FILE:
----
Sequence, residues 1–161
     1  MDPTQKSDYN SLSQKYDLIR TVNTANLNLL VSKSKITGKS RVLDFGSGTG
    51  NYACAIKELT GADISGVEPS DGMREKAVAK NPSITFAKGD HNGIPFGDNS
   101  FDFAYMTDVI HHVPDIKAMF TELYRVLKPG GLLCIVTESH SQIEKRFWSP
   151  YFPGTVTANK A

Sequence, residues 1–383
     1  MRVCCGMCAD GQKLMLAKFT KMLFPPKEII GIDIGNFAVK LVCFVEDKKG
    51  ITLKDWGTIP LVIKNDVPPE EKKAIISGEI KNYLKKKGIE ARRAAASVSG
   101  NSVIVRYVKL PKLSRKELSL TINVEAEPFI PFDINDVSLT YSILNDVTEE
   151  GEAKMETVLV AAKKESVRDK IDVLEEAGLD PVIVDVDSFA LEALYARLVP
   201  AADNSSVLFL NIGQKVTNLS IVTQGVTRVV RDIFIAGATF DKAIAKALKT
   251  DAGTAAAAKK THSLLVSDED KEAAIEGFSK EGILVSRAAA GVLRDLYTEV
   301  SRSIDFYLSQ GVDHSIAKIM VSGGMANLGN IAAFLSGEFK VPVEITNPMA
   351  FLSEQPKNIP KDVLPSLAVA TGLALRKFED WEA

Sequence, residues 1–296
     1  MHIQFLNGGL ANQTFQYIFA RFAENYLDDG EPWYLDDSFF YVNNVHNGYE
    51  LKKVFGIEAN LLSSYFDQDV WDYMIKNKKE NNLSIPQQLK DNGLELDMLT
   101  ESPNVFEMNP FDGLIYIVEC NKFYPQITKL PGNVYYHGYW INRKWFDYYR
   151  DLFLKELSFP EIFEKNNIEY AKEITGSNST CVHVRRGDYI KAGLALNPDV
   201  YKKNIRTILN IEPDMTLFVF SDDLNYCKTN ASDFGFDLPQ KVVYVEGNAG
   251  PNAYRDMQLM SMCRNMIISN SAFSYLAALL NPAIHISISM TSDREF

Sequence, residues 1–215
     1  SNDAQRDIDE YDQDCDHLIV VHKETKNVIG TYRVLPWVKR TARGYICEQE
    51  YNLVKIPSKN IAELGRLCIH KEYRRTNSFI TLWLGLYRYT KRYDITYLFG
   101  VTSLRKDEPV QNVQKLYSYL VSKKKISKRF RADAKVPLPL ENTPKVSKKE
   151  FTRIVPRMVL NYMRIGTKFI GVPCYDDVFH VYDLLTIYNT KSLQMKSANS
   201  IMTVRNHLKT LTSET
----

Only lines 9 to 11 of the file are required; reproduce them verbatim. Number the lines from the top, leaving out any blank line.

   101  NSVIVRYVKL PKLSRKELSL TINVEAEPFI PFDINDVSLT YSILNDVTEE
   151  GEAKMETVLV AAKKESVRDK IDVLEEAGLD PVIVDVDSFA LEALYARLVP
   201  AADNSSVLFL NIGQKVTNLS IVTQGVTRVV RDIFIAGATF DKAIAKALKT